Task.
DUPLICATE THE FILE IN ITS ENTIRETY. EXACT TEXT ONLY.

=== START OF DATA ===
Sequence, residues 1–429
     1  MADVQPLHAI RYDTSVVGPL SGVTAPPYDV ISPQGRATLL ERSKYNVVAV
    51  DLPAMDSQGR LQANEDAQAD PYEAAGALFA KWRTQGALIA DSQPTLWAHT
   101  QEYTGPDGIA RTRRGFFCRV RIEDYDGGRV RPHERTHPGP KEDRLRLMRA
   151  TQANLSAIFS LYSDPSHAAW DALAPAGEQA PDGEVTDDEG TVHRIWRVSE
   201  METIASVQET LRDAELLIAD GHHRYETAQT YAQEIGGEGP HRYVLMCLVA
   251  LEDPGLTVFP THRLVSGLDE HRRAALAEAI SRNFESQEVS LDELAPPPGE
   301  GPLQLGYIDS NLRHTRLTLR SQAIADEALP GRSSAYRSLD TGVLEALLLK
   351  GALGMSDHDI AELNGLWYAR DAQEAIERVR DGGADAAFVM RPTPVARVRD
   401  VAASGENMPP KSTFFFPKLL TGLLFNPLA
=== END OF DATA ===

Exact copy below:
Sequence, residues 1–429
     1  MADVQPLHAI RYDTSVVGPL SGVTAPPYDV ISPQGRATLL ERSKYNVVAV
    51  DLPAMDSQGR LQANEDAQAD PYEAAGALFA KWRTQGALIA DSQPTLWAHT
   101  QEYTGPDGIA RTRRGFFCRV RIEDYDGGRV RPHERTHPGP KEDRLRLMRA
   151  TQANLSAIFS LYSDPSHAAW DALAPAGEQA PDGEVTDDEG TVHRIWRVSE
   201  METIASVQET LRDAELLIAD GHHRYETAQT YAQEIGGEGP HRYVLMCLVA
   251  LEDPGLTVFP THRLVSGLDE HRRAALAEAI SRNFESQEVS LDELAPPPGE
   301  GPLQLGYIDS NLRHTRLTLR SQAIADEALP GRSSAYRSLD TGVLEALLLK
   351  GALGMSDHDI AELNGLWYAR DAQEAIERVR DGGADAAFVM RPTPVARVRD
   401  VAASGENMPP KSTFFFPKLL TGLLFNPLA